Case Report - Interventional Cardiology (2018) Volume 10, Issue 5

Left atrial appendage closure in a patient with atrial fibrillation affected by Rendu-Osler Weber disease

Corresponding Author:
Davide Bosi
U.O. di Cardiologia, Azienda Ospedaliera Universitaria di Parma, Italy
E-mail: [email protected]

Received date: August 11, 2018 Accepted date: October 11, 2018 Published date: October 17, 2018

Abstract

Atrial fibrillation is the most common cardiac arrhythmia worldwide and represents a major risk factor for cerebral embolic stroke. The standard therapy in the prevention of stroke is oral anticoagulation therapy. However, a considerable number of patients are unable to support chronic OAC. Among these are patients with hereditary hemorrhagic telangiectasia. We present a case of a female patient affected by Rendu-Osler- Weber disease who developed permanent atrial fibrillation with a CHA2DS2-VASc risk score of three. OAC was indicated despite her high bleeding risk. Therefore, an increase of muco-cutaneous and nose bleedings (BARC 2) with several admissions to the Emergency Department and multiple cauterizations influenced a worsening of her quality of life. On that basis OAC was discontinued. After a multidisciplinary evaluation, we decided to perform percutaneous intervention of left atrial appendage closure with implantation of Watchman device. As anti-platelet post procedural therapy, considering her high bleeding risk, we adopted single anti-thrombotic strategy with clopidogrel 75 mg/die, discontinued after three weeks due to increasing in recurrent nosebleeds, needed another cauterization. After 12 month follow up, the patient is in good health, with rare episodes of minor bleedings and a successful and well positioning of the intra-cardiac device, without thrombotic apposition, was evidenced at following echocardiographic examinations. In conclusion percutaneous intervention of LAA closure is confirmed to be an alternative and successful strategy in high bleeding risk patient with a contraindication to OAC. By thorough assessment, a single anti-thrombotic therapy with clopidogrel 75 mg/die, after device implantation and for a time-limited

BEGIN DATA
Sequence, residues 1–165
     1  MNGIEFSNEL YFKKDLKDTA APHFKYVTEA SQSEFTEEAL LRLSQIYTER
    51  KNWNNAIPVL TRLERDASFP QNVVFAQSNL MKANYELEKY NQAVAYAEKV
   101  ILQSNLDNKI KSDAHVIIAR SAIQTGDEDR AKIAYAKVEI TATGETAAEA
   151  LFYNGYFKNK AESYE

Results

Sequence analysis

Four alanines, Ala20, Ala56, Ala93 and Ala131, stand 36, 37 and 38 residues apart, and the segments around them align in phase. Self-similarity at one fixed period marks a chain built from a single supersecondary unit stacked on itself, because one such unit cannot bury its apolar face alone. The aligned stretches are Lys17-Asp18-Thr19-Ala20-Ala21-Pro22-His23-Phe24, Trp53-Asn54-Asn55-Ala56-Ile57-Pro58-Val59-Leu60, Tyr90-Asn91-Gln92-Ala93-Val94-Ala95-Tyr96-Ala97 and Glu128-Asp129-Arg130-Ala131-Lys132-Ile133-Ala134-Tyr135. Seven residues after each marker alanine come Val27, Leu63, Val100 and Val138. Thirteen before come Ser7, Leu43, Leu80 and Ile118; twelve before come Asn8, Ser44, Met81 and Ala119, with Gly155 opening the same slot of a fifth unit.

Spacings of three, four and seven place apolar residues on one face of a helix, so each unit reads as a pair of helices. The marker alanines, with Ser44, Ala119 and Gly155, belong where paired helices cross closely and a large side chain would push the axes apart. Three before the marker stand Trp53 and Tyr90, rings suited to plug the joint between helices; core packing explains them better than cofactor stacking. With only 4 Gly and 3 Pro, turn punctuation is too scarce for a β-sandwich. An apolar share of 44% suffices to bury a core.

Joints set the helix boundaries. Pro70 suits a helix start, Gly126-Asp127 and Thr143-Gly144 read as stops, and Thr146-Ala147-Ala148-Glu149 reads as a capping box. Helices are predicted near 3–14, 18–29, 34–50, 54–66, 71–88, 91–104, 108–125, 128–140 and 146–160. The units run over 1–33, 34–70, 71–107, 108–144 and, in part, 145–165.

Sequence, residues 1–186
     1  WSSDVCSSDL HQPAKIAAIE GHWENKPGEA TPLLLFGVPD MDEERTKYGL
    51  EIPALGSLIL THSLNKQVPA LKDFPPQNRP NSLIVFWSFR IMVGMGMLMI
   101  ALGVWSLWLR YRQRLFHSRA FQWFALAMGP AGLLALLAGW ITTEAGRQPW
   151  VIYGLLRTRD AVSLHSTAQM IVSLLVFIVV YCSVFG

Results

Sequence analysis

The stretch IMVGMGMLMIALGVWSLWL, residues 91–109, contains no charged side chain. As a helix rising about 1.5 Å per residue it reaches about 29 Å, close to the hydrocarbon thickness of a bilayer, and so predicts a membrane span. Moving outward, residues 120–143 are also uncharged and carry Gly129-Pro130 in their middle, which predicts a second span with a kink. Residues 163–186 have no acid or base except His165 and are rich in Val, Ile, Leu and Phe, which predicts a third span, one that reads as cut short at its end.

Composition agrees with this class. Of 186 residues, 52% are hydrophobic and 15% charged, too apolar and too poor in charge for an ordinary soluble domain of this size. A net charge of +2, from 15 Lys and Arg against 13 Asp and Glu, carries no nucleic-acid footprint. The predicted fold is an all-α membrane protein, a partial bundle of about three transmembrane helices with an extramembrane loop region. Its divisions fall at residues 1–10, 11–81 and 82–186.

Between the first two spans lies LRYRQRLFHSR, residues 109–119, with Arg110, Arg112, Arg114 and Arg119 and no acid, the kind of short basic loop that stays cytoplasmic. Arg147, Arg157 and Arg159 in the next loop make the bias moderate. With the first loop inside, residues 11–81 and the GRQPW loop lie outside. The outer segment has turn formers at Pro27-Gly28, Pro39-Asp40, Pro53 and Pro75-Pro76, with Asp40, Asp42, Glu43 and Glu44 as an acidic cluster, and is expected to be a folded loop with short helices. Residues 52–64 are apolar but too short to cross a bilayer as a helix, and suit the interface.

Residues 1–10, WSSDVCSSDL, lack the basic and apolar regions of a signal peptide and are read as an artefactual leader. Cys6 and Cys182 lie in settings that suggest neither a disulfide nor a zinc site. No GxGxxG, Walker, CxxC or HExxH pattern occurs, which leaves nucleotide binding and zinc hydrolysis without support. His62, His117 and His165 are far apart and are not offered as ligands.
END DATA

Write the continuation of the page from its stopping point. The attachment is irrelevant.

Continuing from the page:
Keywords

Atrial appendage, Rendu-Osler Weber disease, Atrial fibrillation

Abbrevations

OAC: Oral Anticoagulation; ROWD: Rendu-Osler Weber disease; HHT: Hereditary hemorrhagic telangiectasia; AF: Atrial fibrillation; ESC: European Society of Cardiology; DAPT: Dual antiplatelet therapy; ACP: Amplatzer cardiac plug; TGF β: Transforming growth factor beta; VKA: Vitamin K antagonists

Introduction

Atrial fibrillation represents the major risk factor for cardio-embolic events which the most frequent is cerebral stroke. Oral anticoagulation (OAC) is considered the standard therapy in the prevention of cardio-embolic complications related to this arrhythmia. However, a substantial number of patients present contraindications to OAC because of high bleeding risk. Among these are patients affected by Rendu-Osler Weber disease (ROWD), also known as hereditary hemorrhagic telangiectasia (HHT). It is an autosomal dominant inherited disease with complete penetrance in adulthood, characterized by multifocal widening of distal arteries and a high prevalence of vascular malformations due to a defect in the TGF β pathway that led an aberrant angiogenesis.

The diagnosis of ROW disease is made around 40-50 years old and it is based on the presence of at least three of four Curacao criteria [1].

They are: Spontaneous and recurrent epistaxis, Family history, Cutaneous and mucosal teleangectasie

Arterovenous malformations of parenchymatous organs.

In HHT hemorragical events could lead to a severe anemia with a progressive decrease in quality of life.

The most common clinical manifestation is nosebleed with a prevalence ranging from 78% to 96% [2], gastrointestinal telangiectasia are present in the 80% of this population [3] and 23% of the patients have cerebral arterovenous malformations with an annual risk of rupture and bleeding of 0.5% [4].